Classical Spin: Anja Lechner and Vassilis Tsabropoulos

Georgia Straight, Canada
Feb 10 2005

Classical Spin: Anja Lechner and Vassilis Tsabropoulos
By alexander varty

Publish Date: 10-Feb-2005

Chants, Hymns and Dances (ECM New Series)

As gurus go, Georges Ivanovich Gurdjieff was not a bad one. Even if
he did like his acolytes to keep him in baronial splendour, his
open-ended belief system–which included elements of Christian,
Buddhist, and Sufi thought as well as a kind of sceptical
humanism–remains a useful guide to navigating the world.

The Greek-Armenian mystic, who died in 1949, viewed music and
movement as powerful conduits for the divine presence, and his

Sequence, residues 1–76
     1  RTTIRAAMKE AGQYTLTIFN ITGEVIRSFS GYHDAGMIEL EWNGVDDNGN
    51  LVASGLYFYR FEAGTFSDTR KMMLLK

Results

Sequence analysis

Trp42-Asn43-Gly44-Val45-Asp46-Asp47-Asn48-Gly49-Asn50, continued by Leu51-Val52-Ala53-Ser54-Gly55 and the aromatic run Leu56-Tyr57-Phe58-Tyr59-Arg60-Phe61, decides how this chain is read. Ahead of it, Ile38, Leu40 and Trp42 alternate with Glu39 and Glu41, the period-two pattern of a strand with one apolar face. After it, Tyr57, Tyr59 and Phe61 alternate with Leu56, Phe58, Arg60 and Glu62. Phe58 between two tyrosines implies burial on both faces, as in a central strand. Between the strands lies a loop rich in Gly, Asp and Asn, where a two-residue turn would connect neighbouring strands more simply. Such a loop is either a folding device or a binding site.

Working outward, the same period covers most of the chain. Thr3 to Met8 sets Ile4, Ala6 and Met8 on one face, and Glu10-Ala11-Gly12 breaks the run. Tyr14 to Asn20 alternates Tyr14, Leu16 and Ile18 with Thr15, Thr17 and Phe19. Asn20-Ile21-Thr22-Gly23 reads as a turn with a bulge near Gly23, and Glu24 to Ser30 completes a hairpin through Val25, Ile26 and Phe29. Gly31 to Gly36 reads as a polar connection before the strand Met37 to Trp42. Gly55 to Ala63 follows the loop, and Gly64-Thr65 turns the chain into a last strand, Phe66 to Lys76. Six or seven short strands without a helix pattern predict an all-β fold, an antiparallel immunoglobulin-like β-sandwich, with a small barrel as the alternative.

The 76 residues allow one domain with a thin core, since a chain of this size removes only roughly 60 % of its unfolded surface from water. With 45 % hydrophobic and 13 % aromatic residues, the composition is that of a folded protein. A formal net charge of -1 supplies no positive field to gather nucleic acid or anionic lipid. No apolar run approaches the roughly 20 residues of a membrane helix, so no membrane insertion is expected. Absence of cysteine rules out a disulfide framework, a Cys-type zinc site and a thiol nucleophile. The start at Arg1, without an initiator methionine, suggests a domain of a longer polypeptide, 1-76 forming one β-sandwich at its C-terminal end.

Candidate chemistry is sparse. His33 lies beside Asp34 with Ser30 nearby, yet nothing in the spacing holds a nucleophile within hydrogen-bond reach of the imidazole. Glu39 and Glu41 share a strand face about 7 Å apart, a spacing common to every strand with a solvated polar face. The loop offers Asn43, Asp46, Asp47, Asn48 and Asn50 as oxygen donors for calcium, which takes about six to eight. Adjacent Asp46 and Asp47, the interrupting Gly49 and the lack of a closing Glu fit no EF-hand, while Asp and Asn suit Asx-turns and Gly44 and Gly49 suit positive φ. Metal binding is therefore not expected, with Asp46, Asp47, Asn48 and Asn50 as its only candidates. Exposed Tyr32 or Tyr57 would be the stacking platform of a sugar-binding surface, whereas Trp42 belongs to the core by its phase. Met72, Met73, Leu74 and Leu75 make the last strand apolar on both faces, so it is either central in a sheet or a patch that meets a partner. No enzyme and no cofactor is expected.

students were required to embrace a variety of “sacred gymnastics”
aimed at calming the mind and strengthening the body. These gestures
were often accompanied by melodies created by Gurdjieff and arranged
for piano by his musically gifted student Thomas de Hartmann. Chants,
Hymns and Dances includes 11 of these short works, sensitively
performed by cellist Anja Lechner and pianist Vassilis Tsabropoulos,
in addition to five similarly flavoured pieces written by the latter.

In hindsight, it’s easy to see Gurdjieff’s music as a precursor of
the contemporary school known as sacred minimalism. Like Arvo Pärt
and John Tavener, the most acclaimed exponents of that relatively new
genre, Gurdjieff sought to express spiritual ecstasy in a musical
marriage of East and West. As interpreted by Lechner and
Tsabropoulos, his tunes are haunting and timeless; the pianist’s own
compositions are also dark without being dour and contemplative
without being catatonia-inducing. Music does have magical powers to
unlock deep feeling, and there’s proof of that in every note on this
lovely CD.